Values become engulfed in miniature, and miniature causes men to dream. Gaston Bachelard, The Poetics of Space.
… if there is no smallest point, every minutest body will be composed of an infinite number of parts, since a half of a half will always have a half and there will be no limit to the possibility of division. If this is the case, what will distinguish the whole universe from the smallest thing in it? Nothing, for no matter how fully infinite is the whole universe, the minutest objects will equally be composed of an infinite number of parts. Lucretius, On the Nature of Things
“By starting with the smallest, most subtle of gestures,” noted curator Denise Markonish, “King absorbs our full attention, drawing us into a world where the small engulfs us and allows us to dream.” As the artist herself put it, “In sculpture, when you represent a body at a size different from its own, metaphor rushes in.” King combined precisely movable half-scale figurative sculptures with projections of stop-motion video animations in works that skillfully merged and confused the boundary between actual and virtual objects. Intimate in scale — this was theater for an audience of one — and made to solicit close viewing, the work reflected her interests in early clockwork automata, the history of the mannequin, puppetry, and literature’s host of legends in which the artificial figure comes to life. For MASS MoCA, King tested the power of small sculpture to articulate and command a large double-height gallery, staging an extended exchange of dimensionality and scale through the languages of sculpture, film, and animation. Additionally, King used the gallery as an animation studio for the first two weeks of the exhibition, producing a new film of her sculptures at MASS MoCA.
“King’s works, even when still, seem alive. They are animated in the most fundamental sense of the word,” noted Markonish. “They look back at us. Their uncanny humanness literalizes art’s ability to meet and confront our gaze.”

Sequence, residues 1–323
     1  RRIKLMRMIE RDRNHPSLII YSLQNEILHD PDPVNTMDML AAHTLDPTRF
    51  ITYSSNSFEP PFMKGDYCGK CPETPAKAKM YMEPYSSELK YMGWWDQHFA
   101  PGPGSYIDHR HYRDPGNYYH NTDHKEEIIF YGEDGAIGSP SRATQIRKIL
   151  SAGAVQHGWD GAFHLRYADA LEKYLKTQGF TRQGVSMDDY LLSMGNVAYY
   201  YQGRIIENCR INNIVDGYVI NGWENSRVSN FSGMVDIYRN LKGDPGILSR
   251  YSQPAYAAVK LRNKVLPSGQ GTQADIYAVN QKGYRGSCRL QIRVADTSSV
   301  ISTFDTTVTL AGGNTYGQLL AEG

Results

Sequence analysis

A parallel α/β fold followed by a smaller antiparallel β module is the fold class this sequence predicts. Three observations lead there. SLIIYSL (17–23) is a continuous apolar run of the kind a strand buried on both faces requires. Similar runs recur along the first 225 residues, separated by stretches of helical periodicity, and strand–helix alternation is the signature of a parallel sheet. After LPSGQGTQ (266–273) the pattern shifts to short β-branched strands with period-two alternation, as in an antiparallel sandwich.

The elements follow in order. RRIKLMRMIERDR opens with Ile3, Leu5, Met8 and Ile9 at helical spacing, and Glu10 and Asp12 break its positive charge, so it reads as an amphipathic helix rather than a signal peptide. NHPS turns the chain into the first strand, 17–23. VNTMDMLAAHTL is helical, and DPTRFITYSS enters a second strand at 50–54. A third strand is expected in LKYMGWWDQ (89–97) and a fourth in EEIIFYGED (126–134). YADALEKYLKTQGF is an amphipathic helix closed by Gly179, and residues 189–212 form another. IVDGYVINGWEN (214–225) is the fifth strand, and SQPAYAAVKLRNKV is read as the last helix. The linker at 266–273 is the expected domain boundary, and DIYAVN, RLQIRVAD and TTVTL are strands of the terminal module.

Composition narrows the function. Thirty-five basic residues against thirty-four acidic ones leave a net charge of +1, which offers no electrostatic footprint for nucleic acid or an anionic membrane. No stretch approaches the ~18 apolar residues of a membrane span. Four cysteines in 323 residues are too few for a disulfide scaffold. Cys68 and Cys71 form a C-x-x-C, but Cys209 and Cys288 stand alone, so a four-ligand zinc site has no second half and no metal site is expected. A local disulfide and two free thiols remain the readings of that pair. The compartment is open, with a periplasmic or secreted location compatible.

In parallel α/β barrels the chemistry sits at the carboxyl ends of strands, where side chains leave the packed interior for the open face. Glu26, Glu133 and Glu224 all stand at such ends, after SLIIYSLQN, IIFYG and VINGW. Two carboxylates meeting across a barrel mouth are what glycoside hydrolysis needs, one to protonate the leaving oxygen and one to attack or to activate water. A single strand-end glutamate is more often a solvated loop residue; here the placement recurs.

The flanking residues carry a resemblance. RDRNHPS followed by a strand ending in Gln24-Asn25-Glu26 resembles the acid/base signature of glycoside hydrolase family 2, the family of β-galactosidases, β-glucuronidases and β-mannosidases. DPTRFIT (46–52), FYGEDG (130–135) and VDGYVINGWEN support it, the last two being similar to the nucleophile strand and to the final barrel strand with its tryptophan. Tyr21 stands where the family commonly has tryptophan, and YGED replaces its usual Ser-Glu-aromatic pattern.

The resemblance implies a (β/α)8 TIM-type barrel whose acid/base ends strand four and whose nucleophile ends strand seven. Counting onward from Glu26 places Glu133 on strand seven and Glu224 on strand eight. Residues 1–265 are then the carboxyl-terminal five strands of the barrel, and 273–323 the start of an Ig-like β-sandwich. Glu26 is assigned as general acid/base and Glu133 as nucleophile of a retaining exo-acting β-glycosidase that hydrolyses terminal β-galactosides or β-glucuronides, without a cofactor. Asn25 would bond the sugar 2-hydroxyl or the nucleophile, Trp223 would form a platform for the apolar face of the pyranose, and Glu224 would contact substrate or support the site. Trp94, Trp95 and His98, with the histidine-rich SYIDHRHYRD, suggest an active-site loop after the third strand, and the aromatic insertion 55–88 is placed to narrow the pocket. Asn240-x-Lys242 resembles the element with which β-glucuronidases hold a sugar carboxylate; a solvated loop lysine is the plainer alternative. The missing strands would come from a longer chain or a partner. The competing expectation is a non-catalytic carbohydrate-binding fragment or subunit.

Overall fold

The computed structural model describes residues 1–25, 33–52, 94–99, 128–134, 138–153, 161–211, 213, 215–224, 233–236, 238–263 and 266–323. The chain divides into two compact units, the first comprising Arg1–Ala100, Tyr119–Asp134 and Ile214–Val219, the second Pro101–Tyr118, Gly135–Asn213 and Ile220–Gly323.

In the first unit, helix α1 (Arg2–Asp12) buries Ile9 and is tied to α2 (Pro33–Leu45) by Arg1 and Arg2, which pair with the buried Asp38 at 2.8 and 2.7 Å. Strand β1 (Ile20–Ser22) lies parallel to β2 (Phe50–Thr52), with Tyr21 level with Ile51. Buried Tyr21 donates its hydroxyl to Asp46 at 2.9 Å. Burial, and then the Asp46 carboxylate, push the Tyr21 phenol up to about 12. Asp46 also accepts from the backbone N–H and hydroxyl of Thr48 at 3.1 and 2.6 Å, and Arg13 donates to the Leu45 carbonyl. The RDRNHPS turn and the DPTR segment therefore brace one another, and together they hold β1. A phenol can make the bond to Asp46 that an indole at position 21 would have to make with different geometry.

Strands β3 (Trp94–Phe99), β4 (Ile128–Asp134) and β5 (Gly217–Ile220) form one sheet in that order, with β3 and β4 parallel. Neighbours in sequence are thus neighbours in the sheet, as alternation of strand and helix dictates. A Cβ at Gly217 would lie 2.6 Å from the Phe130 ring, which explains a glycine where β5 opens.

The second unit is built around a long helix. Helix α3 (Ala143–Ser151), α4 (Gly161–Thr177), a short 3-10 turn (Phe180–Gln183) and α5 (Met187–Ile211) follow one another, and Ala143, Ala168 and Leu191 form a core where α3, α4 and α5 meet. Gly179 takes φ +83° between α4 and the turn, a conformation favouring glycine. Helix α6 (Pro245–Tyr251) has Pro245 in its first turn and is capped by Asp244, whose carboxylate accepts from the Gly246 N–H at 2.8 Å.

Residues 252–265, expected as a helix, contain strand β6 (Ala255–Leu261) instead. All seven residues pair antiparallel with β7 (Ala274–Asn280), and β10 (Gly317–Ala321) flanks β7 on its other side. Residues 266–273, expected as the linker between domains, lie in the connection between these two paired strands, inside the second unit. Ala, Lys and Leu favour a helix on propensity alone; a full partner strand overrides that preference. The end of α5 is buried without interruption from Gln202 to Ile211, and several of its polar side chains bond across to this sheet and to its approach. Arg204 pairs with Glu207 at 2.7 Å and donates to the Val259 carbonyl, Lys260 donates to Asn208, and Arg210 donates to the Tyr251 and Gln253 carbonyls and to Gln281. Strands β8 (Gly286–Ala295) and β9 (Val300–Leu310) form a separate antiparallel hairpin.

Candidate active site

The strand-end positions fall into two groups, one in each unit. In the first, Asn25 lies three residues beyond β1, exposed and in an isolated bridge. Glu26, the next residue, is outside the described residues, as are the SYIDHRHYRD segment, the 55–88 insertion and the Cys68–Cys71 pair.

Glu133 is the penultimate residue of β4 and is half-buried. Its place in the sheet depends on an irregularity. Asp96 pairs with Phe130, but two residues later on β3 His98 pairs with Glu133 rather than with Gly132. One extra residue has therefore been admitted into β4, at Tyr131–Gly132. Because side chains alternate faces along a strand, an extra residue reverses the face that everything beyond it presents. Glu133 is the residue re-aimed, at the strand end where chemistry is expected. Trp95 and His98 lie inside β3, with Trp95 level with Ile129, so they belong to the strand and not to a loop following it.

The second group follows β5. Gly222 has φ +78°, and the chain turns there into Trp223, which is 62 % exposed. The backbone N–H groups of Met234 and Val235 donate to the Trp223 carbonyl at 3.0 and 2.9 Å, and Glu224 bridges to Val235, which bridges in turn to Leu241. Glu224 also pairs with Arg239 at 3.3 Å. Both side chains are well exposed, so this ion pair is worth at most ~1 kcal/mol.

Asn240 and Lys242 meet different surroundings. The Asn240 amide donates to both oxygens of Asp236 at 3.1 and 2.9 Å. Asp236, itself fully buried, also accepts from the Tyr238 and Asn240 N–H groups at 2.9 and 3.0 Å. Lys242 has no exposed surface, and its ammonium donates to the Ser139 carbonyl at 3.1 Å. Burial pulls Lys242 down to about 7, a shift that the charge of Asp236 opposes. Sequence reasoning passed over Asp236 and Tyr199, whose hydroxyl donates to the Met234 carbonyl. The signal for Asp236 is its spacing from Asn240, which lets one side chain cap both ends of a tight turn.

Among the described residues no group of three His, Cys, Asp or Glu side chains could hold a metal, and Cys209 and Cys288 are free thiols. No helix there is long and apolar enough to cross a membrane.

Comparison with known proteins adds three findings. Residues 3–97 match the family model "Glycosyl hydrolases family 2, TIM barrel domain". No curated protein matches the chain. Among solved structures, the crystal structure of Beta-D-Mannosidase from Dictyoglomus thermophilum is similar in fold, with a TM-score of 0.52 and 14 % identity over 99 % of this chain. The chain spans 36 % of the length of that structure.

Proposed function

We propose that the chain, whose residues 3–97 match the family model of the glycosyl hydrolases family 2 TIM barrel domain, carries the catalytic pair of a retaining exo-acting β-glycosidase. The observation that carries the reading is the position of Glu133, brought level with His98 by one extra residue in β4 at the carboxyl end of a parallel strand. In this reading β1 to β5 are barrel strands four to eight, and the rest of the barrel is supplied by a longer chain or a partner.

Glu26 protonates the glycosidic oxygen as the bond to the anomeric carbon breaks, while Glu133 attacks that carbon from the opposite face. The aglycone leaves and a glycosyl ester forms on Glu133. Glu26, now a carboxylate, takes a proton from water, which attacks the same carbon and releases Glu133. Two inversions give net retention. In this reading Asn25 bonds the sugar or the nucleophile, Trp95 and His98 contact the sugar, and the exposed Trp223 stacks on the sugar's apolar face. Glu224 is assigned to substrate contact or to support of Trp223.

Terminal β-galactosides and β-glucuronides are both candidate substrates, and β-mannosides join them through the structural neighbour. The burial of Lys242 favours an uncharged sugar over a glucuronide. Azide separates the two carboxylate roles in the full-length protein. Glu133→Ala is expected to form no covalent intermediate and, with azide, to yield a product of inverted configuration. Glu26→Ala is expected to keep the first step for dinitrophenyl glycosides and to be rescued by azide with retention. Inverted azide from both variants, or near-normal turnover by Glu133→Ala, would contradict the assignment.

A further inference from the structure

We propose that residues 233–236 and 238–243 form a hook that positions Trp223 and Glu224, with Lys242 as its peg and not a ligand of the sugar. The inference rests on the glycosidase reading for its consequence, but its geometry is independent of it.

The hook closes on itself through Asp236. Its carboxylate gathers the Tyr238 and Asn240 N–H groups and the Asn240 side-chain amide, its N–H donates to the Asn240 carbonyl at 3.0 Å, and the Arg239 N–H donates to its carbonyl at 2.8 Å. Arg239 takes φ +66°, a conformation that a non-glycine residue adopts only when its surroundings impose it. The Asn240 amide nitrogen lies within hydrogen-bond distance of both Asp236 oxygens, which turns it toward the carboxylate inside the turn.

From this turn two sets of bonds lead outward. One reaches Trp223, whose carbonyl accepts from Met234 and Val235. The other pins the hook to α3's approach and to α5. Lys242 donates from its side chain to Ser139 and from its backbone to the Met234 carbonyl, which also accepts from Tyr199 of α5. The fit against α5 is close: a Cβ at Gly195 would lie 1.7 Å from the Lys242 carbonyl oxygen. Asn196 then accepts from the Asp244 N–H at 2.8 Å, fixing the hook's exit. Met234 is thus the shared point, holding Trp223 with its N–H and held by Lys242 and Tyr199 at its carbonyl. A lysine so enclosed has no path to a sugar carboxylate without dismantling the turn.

“I want a portrait, not so much of a person, but of a verb,” King said. “Maybe the sculpture is like a violin, and the pose is the sonata. Finding the pose and lighting it precisely — I’m amazed at the difference a few degrees of tilt make in how we read the position of the head. If I move the eyes so the gaze shifts away from face on, even just slightly, a thread of tension enters the pose. I love the visceral evidence of impermanence, not in the object itself, but in its pose at any given moment.”
From March 16 to March 22, King turned MASS MoCA’s galleries into an animation studio, producing a new stop-motion film of her sculptures. Meticulously crafting and tracking the tiniest of movements, King and renowned animator Michael Belzer, who has worked with director Tim Burton, brought the artist’s painstakingly detailed, half-scale sculptures to an uncanny humanness. Once complete, the new stop-motion video became part of the exhibition. The stage, too, remained on-site, providing visitors the opportunity to glance behind the animated, emotional lives of King’s figures.
The Art Bulletin, March 2012
Feature: “Notes From the Field: Anthropomorphism,” Elizabeth King
Principal exhibition support was provided by Pamela K. and William A. Royall, Jr. Major exhibition support was provided by the Horace W. Goldsmith Foundation, the Barr Foundation, and the Massachusetts Cultural Council.
View of King posing her work: Pupil, 1987-90
Porcelain, glass eyes, carved wood (Swiss pear), brass.
Half life-size. Dimensions vary: eyes and all joints movable.